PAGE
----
I reckon that the first thing you need to do, before putting a down payment on your future yacht, is to imagine a viable business model and a go-to-market strategy.
If you can imagine the personas / entities to which you can sell your product, the ways you can sell it and the ballpark costs they would agree to pay (again, all very roughly of course), then you have an excellent starting point, and from there on, you can move forward to tackle the rest of the challenges.
So, after taking part in several ventures and presenting to tons of investors (I’m embarrassed to say how many as it might pull the rug under this post’s credibility, so let’s just say A LOT), here is my ranking of what you need to consider when actually pursuing a new venture, and spending your time, money and hopes on it:
- Biz model / GTM – Never say “that’s ok we have a very cool product/idea, the customers will come or we’ll figure it out later”. The first thing you need to know is who your customer is, why he should buy your product, and for how much. of course, you also need to estimate the market size (tip: never think your market size is 100’s of Billions) and would help if you had an idea of how you could reach out and make them buy whatever it is you’re selling. Selling to consumers or businesses is a critical junction for your enterprise, and you need to make sure that your customer will actually be willing to pay for what you’re offering. having said that, be aware that arbitrary / unpredictable use of your solution is also a party pooper, that’s why investors love subscribable (apparently it’s not a word..) and/or addictive offerings.
- Black-box technology – almost as important. Investors want to know your offering is very hard to reverse-engineer or replicate. Often times when you’re small, large companies are able to quickly implement your product (sometimes faster than you…) and sell them to the critical mass, thus canceling any selling point you have. Having a solid technology will not only help you retain your relative advantage, but would also make you much more appealing for acquisitions.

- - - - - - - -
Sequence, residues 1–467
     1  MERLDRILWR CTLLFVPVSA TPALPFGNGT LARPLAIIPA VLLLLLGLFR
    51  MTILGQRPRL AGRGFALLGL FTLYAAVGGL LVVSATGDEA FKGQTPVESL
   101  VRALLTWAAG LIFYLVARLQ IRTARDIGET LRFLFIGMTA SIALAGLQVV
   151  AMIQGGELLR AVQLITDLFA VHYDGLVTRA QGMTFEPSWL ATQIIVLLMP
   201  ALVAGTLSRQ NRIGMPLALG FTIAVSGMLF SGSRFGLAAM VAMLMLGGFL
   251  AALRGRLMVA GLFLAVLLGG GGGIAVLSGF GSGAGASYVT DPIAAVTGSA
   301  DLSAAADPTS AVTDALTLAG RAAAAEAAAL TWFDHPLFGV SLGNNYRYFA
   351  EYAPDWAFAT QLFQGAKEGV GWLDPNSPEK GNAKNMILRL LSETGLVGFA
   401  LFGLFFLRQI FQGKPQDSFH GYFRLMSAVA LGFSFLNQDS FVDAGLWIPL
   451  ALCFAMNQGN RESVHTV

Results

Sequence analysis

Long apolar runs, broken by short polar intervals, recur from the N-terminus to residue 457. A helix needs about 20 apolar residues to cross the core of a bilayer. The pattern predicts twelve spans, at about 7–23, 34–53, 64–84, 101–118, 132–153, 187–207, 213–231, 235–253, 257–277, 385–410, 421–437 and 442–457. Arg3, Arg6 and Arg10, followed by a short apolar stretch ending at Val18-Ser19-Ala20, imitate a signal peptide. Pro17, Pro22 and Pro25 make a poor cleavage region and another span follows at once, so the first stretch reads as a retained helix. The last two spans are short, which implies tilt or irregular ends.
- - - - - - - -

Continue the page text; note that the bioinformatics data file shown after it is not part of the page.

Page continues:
- An actual pain – If there are people to whom you can sell, it probably means that there’s a pain, but not always. proving that there’s a real pain (and the more painful it is = the likelihood to succeed is higher) is crucial because it mitigates the risk of selling solely on merit.
- A (cool) viable solution/product – Yes. it needs to be cool, no matter what people tell you. Visuals and aesthetics are proven likability enhancers. But, more importantly, your product (based on your tech, of course) needs to show that it can actually meet the need or solve the problem.
There’s one “floating” category: the team. all investors say “We invest in impressive entrepreneurs” and such. it’s true, but to me, it has to go without saying. If you’re not talented or interesting, you have nothing to look for in entrepreneurship. The team is the most un-quantifiable metric there is, because it’s so subjective and basic, it’s on the verge of being a cliche (excluding outliars of course, e.g. serial exit-makers, or vice versa, complete idiots).
In conclusion, always start by imagining HOW, TO WHOM, AND FOR HOW MUCH you sell your product/service. if you can imagine this, you have a promising starting point.